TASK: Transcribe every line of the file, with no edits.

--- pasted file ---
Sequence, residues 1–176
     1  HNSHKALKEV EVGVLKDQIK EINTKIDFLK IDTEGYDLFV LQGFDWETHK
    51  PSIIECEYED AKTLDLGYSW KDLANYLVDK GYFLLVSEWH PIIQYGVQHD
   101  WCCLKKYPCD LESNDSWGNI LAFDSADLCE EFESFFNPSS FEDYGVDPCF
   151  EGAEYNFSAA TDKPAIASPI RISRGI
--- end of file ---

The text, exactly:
Sequence, residues 1–176
     1  HNSHKALKEV EVGVLKDQIK EINTKIDFLK IDTEGYDLFV LQGFDWETHK
    51  PSIIECEYED AKTLDLGYSW KDLANYLVDK GYFLLVSEWH PIIQYGVQHD
   101  WCCLKKYPCD LESNDSWGNI LAFDSADLCE EFESFFNPSS FEDYGVDPCF
   151  EGAEYNFSAA TDKPAIASPI RISRGI